It is understandable that, due to the 29-year age difference between Ruskin and Rose, their relationship has never been documented outside sparse biography entries, a wrong I felt well placed to correct having been a rather isolated home-schooled only child like Ruskin, and having suffered from long periods of ill health during my adolescence like Rose. I also discovered Ruskin around the same time as Rose and was equally captivated by his enlightened views of society, art and nature. Above all, I felt comfortable telling the story of their relationship due to my years of research confirming that their regard for one another was founded, not upon any corrupt motivations on Ruskin’s part, but a mutual admiration based on shared interests and principles. Their loving friendship transcended boundaries and social conventions and saw Rose change from a precocious, energetic girl into a solemn, mentaly and physically fragile young woman who was torn between her own desires and the sense of duty towards her parents and God. It was therefore vital to furnish the reader with Rose’s own side of the relationship, which ultimately had calamitous consequences for both.
Ruskin famously inspired Leo Tolstoy, Mahatma Gandhi, Oscar Wilde and William Morris, but Unto This Last looks at who inspired and influenced him. Largely set during Ruskin’s middle years, the reader experiences his energetic love of work and travel – journeying with him from London to Ireland, Scotland, France and Switzerland – whilst the emotional highs and lows he undergoes as a result of his relationship with Rose will prompt an array of moral questions along the way.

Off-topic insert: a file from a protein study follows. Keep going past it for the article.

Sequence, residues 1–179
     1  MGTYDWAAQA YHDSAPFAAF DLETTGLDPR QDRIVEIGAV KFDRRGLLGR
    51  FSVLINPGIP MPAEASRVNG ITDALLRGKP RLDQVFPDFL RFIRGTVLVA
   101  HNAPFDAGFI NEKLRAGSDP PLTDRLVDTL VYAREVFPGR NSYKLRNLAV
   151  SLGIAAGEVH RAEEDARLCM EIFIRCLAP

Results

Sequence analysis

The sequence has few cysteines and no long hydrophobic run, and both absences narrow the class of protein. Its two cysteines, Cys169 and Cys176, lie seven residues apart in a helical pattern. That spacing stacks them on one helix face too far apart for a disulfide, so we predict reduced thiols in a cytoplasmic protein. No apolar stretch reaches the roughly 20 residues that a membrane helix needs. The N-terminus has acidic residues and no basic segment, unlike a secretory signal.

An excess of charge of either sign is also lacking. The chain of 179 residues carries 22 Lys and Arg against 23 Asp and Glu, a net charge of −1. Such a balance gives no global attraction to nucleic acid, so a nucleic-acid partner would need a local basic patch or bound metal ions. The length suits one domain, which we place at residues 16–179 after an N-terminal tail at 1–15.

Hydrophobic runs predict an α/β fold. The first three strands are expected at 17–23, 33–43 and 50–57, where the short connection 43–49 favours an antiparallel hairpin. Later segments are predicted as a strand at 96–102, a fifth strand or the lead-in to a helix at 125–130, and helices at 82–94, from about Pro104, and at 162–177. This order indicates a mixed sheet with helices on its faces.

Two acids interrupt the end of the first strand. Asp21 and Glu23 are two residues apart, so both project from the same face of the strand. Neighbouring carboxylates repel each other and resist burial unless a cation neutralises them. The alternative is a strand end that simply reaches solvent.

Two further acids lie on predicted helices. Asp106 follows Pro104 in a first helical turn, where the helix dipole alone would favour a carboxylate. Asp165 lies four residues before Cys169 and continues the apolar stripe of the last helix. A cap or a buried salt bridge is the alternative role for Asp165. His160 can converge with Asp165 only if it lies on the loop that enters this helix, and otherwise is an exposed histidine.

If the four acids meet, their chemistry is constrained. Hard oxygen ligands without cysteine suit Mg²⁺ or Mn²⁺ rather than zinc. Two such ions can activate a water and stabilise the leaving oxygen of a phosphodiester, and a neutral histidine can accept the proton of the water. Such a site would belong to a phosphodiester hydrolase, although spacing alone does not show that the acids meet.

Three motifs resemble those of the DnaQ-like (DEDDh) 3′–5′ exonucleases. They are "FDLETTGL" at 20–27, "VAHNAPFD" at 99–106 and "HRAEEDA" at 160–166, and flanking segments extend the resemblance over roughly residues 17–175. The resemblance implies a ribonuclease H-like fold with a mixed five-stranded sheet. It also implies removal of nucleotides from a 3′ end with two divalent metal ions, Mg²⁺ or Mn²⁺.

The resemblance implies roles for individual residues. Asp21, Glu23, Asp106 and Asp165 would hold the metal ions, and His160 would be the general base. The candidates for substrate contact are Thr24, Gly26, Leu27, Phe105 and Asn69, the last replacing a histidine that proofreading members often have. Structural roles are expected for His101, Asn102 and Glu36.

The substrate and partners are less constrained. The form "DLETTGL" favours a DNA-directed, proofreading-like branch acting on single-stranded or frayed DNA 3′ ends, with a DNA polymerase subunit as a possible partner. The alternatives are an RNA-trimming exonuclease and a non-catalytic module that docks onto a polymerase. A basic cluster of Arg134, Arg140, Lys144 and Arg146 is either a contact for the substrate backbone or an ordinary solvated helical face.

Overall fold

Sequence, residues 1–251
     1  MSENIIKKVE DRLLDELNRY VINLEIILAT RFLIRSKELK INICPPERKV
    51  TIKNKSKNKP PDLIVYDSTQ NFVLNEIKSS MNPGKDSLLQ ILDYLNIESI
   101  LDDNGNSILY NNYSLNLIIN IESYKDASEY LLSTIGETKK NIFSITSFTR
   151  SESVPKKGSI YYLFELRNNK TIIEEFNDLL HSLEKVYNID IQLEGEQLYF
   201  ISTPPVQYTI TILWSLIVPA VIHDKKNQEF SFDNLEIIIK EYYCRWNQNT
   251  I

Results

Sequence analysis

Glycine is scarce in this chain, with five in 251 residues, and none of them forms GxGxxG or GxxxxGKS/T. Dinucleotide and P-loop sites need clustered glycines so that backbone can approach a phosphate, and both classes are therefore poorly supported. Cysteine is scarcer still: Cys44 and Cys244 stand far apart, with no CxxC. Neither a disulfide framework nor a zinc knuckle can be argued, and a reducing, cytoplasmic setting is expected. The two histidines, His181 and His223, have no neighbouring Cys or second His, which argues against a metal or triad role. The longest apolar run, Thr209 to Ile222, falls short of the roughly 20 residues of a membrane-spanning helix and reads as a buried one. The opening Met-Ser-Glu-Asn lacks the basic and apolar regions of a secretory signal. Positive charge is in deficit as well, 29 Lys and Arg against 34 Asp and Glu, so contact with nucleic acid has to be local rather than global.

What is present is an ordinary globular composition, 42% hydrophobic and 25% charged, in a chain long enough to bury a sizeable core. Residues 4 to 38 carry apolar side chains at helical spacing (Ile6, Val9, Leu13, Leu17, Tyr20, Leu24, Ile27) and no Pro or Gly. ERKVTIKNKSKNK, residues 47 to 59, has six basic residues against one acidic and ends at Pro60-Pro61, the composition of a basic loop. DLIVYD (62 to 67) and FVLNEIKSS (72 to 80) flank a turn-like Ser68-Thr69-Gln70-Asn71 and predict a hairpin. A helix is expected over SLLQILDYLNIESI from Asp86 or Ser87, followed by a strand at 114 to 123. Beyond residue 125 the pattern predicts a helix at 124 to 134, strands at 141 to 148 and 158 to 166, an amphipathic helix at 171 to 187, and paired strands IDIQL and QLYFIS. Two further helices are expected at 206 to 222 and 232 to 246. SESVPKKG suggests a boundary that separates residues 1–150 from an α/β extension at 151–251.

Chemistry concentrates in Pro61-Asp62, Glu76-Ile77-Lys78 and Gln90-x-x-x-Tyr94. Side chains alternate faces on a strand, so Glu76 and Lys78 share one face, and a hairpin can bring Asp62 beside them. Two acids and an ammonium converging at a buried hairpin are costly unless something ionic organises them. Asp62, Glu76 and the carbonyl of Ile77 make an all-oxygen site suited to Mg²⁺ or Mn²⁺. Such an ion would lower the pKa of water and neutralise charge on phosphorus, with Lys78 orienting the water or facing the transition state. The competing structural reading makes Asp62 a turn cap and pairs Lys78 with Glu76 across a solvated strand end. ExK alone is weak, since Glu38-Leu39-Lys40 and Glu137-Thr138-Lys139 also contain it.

(c) Rebecca Lipkin
About Unto This Last:
Passionate, contradictory, and fiercely loyal to his friends, John Ruskin is an eccentric genius, famed across Britain for his writings on art and philosophy. Haunted by a scandalous past and determined never to love again, the 39-year-old Ruskin becomes infatuated with his enigmatic young student, Rose La Touche, an obsession with profound consequences that will change the course of his life and work.
Written in a style recalling Victorian literature and spanning a period of twenty years, the story poses questions about the nature of love, the boundaries of parenthood, and compatibility in marriage. Unto This Last is a portrait of Ruskin’s tormented psyche and reveals a complex and misunderstood soul, longing for a life just out of reach.
This is an atmospheric and utterly convincing novel… tackling the subject with great empathy in prose that is both detailed and vivid. A considerable achievement.
Michael Crowley, writer and dramatist
Deeply researched and charmingly written, it resurrects not only John Ruskin, one of the most influential characters of the Victorian age, but his fascinating pupil Rose La Touche, who is portrayed so sensitively that you feel as though you know her.
Daisy Dunn, author of In the Shadow of Vesuvius: A Life of Pliny
Rebecca Lipkin’s thoughtful novel about this complicated man and his often-confusing world is a pleasure to read and a very welcome addition for all lovers of Pre-Raphaelitism.
Lucinda Hawksley, biographer
Order your copy online here.